is that we should put resources into things that are not prison
and we should have smaller community-based places close to home
but for any man over 18 the approach is we should put lots of
money into building prisons and put them in prisons 2,500 strong.
I would be the first to say that women are different but I would
submit they are not that different.
Q355 Chairman: We will come back
to some of the implications of that.
Andrew Bridges: I would just want
to stick to the principle about what should be done with individual
offenders and the Corston Report is right about providing an individualised
service for individuals and it captures a range of individual
issues that women in particular are likely to face including their
vulnerability, but having said that, that is the same principle
that should apply with this particular group of offenders, and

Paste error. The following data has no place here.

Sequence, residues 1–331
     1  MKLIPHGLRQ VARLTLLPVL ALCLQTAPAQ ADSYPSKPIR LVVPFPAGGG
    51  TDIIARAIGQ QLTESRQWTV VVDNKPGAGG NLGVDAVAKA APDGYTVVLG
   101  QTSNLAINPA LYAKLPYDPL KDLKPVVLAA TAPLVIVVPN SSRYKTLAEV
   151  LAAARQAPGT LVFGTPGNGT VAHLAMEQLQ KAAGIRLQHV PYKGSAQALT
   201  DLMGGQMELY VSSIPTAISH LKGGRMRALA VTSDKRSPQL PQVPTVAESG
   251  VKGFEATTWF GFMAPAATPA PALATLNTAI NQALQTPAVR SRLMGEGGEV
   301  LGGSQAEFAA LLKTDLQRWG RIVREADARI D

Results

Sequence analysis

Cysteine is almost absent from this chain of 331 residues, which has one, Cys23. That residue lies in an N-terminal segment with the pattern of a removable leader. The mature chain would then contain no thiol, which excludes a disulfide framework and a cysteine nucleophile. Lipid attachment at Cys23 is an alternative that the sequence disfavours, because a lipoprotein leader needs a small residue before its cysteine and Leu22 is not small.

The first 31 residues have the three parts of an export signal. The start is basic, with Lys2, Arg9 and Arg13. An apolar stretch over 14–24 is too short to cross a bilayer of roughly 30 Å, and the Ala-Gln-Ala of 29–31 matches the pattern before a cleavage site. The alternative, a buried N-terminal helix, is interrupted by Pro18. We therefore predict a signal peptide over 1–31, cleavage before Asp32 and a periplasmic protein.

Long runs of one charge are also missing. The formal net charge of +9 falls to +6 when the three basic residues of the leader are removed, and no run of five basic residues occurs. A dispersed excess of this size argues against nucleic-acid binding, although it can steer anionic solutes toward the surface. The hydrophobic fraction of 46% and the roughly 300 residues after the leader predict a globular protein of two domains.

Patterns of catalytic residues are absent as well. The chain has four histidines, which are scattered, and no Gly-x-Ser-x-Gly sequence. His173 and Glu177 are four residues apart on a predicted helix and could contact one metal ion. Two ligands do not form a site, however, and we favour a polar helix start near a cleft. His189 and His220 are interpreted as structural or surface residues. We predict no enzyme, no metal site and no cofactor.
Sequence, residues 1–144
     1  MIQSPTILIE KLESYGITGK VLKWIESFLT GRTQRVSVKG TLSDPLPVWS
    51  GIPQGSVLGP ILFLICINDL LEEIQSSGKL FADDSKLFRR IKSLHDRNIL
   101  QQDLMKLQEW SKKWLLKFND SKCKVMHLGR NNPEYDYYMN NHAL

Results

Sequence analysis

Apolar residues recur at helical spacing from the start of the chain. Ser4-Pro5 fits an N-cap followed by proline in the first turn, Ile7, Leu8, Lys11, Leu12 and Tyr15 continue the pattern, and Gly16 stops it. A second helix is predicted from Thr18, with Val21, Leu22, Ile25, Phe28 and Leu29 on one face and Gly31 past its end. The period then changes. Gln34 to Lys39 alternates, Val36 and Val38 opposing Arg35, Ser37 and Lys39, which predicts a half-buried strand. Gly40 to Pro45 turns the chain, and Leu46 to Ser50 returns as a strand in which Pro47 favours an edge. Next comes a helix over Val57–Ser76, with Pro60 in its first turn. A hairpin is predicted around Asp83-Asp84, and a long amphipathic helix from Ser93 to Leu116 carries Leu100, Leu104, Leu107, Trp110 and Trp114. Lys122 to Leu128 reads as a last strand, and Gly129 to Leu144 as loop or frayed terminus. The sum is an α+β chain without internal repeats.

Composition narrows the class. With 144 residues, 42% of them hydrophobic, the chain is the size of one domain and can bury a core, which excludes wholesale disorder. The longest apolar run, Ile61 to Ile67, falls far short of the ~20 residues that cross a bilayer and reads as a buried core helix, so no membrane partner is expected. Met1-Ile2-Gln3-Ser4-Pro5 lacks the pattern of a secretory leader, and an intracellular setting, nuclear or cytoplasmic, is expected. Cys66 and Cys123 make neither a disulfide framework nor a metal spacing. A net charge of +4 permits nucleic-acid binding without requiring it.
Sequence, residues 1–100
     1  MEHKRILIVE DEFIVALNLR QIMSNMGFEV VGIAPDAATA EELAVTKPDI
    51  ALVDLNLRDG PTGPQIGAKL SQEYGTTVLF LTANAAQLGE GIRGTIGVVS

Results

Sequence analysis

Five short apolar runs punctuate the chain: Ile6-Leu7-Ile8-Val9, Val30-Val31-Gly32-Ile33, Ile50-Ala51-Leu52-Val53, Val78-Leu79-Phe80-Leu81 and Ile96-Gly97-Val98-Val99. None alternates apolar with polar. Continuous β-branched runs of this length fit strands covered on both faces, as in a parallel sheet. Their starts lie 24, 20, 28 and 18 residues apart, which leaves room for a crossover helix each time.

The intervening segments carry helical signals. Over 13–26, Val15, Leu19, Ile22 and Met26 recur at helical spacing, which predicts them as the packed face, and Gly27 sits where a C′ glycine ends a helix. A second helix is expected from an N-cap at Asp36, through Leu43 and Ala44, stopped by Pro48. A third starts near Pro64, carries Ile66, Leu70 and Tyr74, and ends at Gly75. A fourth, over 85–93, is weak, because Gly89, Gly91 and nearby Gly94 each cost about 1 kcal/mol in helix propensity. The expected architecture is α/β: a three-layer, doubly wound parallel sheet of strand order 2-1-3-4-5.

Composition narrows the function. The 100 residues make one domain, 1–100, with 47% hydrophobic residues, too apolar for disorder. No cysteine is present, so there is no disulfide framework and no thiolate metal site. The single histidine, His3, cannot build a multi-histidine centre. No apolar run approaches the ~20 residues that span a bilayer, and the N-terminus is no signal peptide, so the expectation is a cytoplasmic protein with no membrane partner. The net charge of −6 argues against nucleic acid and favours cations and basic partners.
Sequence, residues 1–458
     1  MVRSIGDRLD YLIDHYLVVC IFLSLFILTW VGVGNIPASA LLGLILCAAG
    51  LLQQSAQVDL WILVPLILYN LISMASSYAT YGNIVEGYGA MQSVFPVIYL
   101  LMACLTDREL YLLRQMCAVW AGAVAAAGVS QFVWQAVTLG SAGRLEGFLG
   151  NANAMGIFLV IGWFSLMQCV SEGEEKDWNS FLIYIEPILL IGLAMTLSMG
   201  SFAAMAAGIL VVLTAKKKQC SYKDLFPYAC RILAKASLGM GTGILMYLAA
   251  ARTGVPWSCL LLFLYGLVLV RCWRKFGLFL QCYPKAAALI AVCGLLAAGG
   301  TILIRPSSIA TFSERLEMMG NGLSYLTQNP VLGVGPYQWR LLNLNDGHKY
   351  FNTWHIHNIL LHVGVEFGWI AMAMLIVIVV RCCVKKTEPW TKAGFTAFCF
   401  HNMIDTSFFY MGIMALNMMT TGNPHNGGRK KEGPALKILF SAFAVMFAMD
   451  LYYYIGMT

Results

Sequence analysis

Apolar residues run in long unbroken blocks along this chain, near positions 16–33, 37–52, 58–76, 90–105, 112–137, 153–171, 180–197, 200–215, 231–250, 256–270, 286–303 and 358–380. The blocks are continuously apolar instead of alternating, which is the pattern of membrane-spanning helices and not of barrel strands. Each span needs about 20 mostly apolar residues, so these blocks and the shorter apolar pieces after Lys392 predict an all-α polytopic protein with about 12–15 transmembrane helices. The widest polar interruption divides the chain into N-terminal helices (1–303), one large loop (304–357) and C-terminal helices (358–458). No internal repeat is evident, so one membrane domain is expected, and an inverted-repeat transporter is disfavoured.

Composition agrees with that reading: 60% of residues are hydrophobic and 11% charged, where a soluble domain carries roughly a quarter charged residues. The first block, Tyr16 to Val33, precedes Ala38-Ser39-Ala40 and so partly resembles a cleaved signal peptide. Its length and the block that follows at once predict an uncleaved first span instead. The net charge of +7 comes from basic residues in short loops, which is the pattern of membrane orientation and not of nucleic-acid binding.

in that sense I agree with Anne.
Q356 Julie Morgan: Mr Tidball.
Paul Tidball: I was the Governor
of a women's prison not so long ago for over six years and regularly
daily had to deal with people who were 150 miles away from home
in some cases and had committed not much more than multiple shoplifting
because they had a unfortunate and tragic drug habit. Across the
piece not just about women's prisons I think we could think outside
the box a bit as is now happening ironically now happening in
the USA where a lot of money is invested in communities, not to
reduce reoffending but to stop it happening in the first place
even. Investment in communities is the way forward. I have referred
to the USA. There are a couple of states in the USA where local
authorities are actually given the sentencing budget and they
decide what to do with it. This is being piloted in a couple of
states and it has resulted in 70% less use of imprisonment so
I am sure that in those states they will be investing that money
that is diverted rather than spending the amounts of money we
are talking about today into community facilities to support women